The next stop on her magic map was a statue in the middle of the commons. It had been donated decades ago by a successful alumna, and it was one of Shura’s favorite things in the world. It was the first thing that had made campus feel like it could be home. 

It was a bronze tree, its rough bark, delicate flowers, and cascading leaves all oxidized to a chalky green, except for one burnished spot, where students brushed their fingers along its cool surface for luck. 

There was a number right in the middle of that shiny blotch. Shura caressed it, then captured it with her purple crayon. 

Her phone buzzed. Are you free for coffee on Tuesday at 2? 

Dana’s texts felt like a tether to reality, but they didn’t burst the strange bubble of whatever was happening to her. Would 2:30 be okay?

The next stop was by the creek at the edge of campus, where one of Shura’s friends had fallen in during a midnight hike. Shura had jumped in after her. Another number glinted from one of the rocks. 

2:30 is perfect! Ground Zero?

It’s a date. At least Shura hoped it was a date. 

She found the next number on the piano in her favorite practice room, etched into middle C. She’d spent countless hours in this room, maybe more than any of her dorm rooms.

She sat down on the bench and played “Clair de Lune,” because it was her favorite, and just because she could. 

Dana had sent a few texts while she was playing. 


Ah, crap, it’s probably too soon for a heart emoji.


Please don’t cancel, I swear I’m not a total weirdo.

Ugh, I wish I actually had a working time machine so I could stop myself from sending that.

Having a time machine means never having to say “too soon.”

Shura laughed and texted back, feeling daring and invincible. I’m looking forward to learning more about time travel. <3 

The last stop was the stage where the competition would be held, and the last number was etched into an armrest in the front row, between the seats reserved for her parents at her recital. She sat down and looked up at the stage, at the grand piano that dominated the space and seemed to glow with its own soft light.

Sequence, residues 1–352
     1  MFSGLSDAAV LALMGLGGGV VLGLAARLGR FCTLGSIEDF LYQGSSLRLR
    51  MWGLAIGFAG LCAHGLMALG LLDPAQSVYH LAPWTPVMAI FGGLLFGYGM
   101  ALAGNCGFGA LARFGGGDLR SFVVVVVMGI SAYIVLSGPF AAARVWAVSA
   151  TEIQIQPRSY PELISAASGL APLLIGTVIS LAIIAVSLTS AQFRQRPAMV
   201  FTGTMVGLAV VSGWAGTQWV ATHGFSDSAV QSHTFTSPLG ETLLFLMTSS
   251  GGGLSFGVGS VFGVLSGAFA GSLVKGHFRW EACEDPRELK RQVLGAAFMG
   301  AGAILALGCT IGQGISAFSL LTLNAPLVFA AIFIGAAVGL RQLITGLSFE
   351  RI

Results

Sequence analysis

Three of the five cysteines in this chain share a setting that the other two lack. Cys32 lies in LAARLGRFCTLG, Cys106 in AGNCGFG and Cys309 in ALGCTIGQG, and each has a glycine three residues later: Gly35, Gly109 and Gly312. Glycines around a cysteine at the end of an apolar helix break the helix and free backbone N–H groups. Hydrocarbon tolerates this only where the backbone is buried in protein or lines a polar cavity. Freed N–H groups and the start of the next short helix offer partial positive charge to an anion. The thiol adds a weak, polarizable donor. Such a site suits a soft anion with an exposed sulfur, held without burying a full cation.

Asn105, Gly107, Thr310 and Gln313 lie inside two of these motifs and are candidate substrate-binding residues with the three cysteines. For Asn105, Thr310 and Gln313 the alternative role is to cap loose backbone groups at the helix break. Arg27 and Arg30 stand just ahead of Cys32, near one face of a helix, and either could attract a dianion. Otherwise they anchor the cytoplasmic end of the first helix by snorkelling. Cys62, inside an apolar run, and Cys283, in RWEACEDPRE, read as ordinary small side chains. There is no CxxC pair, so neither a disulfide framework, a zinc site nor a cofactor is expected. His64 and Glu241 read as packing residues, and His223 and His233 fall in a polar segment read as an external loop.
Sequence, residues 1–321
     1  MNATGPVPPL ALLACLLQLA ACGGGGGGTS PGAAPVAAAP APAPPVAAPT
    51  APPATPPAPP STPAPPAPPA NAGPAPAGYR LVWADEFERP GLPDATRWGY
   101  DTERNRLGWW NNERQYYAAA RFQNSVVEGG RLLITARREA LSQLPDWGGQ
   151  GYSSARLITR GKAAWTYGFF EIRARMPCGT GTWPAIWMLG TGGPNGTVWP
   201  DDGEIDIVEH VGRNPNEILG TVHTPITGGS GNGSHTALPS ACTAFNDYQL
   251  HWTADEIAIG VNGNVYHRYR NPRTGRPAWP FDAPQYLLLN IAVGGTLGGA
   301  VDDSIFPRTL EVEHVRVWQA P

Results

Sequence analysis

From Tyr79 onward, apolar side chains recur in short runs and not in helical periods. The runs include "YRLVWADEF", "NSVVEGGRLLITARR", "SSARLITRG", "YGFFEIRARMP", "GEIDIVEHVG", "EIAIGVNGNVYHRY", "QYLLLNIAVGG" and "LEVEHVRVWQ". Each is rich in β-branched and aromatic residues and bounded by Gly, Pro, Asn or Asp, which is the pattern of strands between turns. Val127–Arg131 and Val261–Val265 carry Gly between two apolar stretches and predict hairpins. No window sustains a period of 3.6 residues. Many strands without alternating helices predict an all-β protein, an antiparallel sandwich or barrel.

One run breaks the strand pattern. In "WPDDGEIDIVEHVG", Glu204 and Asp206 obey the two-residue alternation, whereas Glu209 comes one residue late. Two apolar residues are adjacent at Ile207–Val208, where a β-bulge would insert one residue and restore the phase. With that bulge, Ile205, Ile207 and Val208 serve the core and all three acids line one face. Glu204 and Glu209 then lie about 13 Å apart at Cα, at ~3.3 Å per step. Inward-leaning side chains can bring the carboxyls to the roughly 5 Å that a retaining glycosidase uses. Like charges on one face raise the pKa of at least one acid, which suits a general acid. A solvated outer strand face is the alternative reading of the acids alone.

She wondered if Dana would be coming.

She wondered what it would be like to watch her own children—or nieces or nephews or students—compete on a stage like this. Wondered what mix of pride and anxiety and love she might feel. 

Maybe her parents would both be proud of her, no matter what song she played. 

Maybe the only one she needed to prove herself to was herself. 

She headed back to the library with a call number embossed in purple crayon on the back of her map.

It led her to a slim green music score. Shura opened the book and blinked away surprised tears. “Clair de Lune.” Too familiar. Overdone. But her favorite. She tucked the map between its pages and nodded. It was perfect. 


Jamie Lackey lives in Pittsburgh with her husband and their cats. She has had over 170 short stories published in places like Beneath Ceaseless Skies, Apex Magazine, and Escape Pod. Her first appearance in our pages was “Music from the Air” in Stupefying Stories 4. She’s created five successful crowdfunding campaigns to self-publish two novellas, a novelette, two flash fiction collections, and a short story collection. She also has a novella and two short story collections available from Air and Nothingness Press. In addition to writing, she spends her time reading, playing tabletop RPGs, baking, and hiking. You can find her online at

If you enjoyed this story, be sure to check out her story “The Gentlepeople,” now out in Stupefying Stories 24.



Pete Wood said...

Nice! That really sucked me in.
And if Ground Zero isn't the name of a coffee shop, it ought to be.
Keep writing!